You curate StreetRepeat on Instagram. Tell us a little about it and how this came about. 

StreetRepeat is an Instagram account I started in January. I feature three photos each time, by different photographers, with one mutual theme. This can be a visual similarity like ‘a red balloon instead of the head’, but also a thematic one like ‘a zombie in a lunch room’.

Street photography has been developing for a long time and it has become more popular in the last couple of years. It’s logical that photographers inspire and imitate each other, especially with the constant stream of images on platforms like Instagram. There are several visual tricks I often come across, but it doesn’t have to be a negative thing. And being photographers, we tend to like similar things that stand out in the public space. The key is to capture it in your own way and sometimes even that can be compared to something already made.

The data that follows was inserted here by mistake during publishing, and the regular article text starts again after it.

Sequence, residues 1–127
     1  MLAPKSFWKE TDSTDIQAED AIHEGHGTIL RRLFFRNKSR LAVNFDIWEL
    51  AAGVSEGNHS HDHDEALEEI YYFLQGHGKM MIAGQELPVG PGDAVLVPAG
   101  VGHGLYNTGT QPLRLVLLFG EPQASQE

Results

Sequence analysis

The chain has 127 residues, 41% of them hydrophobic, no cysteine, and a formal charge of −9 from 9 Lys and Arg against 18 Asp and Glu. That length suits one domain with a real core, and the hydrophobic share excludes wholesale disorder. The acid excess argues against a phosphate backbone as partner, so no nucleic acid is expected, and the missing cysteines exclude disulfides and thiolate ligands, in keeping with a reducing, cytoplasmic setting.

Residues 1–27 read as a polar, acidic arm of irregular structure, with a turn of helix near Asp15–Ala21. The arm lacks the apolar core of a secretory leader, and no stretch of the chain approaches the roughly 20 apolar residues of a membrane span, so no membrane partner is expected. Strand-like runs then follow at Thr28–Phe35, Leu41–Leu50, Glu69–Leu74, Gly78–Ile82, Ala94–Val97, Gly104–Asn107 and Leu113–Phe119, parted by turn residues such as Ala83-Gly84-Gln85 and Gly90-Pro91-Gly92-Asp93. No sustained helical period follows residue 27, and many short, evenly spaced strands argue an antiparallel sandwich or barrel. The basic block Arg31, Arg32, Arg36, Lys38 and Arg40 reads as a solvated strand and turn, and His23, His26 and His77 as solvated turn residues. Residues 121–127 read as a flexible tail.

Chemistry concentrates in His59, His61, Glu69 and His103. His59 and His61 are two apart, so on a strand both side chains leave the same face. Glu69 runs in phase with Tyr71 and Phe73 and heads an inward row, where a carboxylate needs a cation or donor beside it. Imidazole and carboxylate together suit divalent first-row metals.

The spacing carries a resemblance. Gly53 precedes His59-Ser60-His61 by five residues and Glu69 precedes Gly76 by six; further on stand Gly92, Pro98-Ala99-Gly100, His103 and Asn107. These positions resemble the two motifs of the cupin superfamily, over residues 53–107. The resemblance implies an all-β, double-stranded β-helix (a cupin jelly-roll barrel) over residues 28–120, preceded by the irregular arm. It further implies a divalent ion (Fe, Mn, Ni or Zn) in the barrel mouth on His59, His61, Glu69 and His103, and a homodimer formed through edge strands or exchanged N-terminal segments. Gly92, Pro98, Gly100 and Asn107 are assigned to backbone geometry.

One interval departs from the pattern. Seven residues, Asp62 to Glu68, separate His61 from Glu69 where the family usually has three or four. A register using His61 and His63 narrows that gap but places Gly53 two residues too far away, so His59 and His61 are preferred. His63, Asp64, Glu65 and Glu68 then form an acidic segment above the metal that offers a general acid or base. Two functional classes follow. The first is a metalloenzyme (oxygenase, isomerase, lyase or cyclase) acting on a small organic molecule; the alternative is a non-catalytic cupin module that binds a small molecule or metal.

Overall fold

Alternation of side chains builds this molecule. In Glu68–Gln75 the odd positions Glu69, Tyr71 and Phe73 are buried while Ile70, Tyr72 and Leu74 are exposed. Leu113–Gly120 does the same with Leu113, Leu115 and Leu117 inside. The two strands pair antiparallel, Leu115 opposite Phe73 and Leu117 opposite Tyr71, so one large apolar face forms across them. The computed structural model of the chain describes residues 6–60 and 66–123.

Has identifying similarity in street changed your views on street photography in general or how you approach and edit your own work?

Interesting question. Maybe a bit. I can spot some visual tricks in my photography as well and I’m sure I was inspired by images I’ve seen earlier. Other times I thought I’ve made something ‘original' and now, having found 5 similar photos, I know I haven’t. That’s the thing with the unconscious mind: seeing so much, we forget what we've seen earlier. So yes, I became slightly more hesitant and I often let go of a situation that would make another image of that kind. On the other hand it’s inevitable to make something that has already been made so it’s pointless to restrict ourselves too much.

Select a few of your photos and talk about how they came to be and how they reflect your working methods.